The State Forest Management Center (RMK) conducted restoration works in nine bogs and former peat extraction areas over the last year and restored a total of 3,217 hectares in degraded wetlands.
The restoration project started in the Kikepera nature reserve's Saessaare bog in 2019 and also wrapped up in the same area after some 1,000 hectares were restored to turn back what human has done to dry the land. The works involve closing ditches so that water in dehydrated areas can rise closer to the ground.
"More than 70 km of ditches were filled over the entire area, dams were built and the picture is now more open and wetter," said RMK nature conservation specialist Priit Voolaid, adding that Saessaare bog has been significantly more bare than it is now.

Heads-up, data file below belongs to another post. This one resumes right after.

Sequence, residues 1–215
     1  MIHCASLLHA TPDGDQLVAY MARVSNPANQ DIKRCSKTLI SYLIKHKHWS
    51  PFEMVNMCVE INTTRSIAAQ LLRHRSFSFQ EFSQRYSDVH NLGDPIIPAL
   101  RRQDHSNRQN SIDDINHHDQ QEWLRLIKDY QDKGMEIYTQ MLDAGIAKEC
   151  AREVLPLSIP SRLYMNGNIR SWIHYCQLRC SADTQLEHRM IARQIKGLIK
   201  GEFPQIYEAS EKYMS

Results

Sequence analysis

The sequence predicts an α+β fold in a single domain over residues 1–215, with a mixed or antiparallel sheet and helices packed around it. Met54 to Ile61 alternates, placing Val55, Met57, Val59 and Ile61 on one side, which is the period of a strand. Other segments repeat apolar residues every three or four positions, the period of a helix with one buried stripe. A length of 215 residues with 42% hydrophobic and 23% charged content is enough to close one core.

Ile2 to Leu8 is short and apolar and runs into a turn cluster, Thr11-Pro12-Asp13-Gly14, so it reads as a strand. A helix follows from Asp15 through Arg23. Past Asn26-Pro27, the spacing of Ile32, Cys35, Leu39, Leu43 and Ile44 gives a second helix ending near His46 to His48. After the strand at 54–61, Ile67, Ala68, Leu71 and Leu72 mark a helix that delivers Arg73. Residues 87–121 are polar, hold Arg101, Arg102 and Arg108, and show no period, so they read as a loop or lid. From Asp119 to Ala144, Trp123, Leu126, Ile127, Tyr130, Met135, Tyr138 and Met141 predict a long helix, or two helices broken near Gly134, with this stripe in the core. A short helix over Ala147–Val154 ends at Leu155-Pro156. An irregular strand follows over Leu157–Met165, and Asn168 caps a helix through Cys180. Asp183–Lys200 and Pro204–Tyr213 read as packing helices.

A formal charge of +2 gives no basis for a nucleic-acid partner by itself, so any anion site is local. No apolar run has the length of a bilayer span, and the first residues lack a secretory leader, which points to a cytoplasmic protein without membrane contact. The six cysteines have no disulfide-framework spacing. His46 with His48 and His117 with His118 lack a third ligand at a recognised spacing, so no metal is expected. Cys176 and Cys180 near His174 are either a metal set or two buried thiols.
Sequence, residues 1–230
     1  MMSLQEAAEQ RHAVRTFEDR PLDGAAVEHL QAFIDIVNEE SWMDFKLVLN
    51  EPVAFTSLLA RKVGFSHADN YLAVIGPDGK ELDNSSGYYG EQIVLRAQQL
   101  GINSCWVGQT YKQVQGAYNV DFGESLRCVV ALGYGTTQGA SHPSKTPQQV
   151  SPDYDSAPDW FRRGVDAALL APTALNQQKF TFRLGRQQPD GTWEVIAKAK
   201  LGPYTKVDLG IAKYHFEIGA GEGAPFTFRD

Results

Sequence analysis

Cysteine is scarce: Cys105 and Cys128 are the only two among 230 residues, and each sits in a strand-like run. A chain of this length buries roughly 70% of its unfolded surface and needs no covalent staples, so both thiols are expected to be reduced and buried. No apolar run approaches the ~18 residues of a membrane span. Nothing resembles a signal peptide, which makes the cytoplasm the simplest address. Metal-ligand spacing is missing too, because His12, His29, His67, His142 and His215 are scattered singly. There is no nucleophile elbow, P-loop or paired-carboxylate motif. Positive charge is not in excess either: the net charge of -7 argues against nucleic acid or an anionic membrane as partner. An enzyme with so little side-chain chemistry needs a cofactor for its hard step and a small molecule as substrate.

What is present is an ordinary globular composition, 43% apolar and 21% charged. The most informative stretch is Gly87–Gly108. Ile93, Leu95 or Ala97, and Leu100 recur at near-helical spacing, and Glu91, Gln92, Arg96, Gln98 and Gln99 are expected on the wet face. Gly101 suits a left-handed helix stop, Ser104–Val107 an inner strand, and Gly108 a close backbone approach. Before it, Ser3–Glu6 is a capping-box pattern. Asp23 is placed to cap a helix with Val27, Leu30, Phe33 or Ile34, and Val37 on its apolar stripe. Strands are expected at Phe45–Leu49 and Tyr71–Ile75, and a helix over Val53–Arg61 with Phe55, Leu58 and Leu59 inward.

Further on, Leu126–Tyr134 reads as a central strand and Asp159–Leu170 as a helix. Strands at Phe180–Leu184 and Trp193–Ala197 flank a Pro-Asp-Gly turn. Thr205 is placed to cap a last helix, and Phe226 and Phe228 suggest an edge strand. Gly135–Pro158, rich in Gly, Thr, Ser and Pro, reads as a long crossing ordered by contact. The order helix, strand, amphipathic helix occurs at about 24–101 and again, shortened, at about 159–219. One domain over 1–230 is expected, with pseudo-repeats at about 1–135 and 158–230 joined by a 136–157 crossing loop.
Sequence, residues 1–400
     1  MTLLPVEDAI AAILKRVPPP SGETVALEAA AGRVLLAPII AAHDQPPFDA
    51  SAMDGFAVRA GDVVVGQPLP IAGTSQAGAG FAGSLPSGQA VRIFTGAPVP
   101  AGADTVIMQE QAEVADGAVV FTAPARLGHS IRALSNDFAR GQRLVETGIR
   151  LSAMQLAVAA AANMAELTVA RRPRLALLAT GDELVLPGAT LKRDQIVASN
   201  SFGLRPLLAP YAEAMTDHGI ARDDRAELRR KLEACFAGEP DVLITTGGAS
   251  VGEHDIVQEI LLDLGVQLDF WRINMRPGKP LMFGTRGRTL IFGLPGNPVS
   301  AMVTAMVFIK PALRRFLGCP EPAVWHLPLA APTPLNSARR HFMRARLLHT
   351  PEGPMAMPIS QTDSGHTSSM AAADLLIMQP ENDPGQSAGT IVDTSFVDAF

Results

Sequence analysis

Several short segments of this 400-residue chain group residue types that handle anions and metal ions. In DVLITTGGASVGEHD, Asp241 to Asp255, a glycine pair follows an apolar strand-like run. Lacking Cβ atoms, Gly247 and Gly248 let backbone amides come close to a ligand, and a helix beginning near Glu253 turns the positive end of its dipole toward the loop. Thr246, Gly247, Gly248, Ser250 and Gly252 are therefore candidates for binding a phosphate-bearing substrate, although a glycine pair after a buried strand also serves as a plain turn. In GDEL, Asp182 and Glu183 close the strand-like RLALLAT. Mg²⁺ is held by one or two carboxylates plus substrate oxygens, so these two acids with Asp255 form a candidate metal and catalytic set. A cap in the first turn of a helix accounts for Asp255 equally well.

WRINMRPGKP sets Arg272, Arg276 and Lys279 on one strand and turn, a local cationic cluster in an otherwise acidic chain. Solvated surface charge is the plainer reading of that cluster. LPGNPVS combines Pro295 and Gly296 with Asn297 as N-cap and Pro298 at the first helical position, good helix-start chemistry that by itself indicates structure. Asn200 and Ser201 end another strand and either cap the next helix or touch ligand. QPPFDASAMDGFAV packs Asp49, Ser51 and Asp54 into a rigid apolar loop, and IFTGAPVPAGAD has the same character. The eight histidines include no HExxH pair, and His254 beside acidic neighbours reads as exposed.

"There has been a more diverse bird population here. We hope the flatness returns in the future and that the life of birds can be correspondingly richer than it is today," Voolaid noted.
He added that decomposing peat causes carbon to rise into the atmosphere and that closing the ditches has now restored this important function in former peat extraction areas.
Editor: Kristjan Kallaste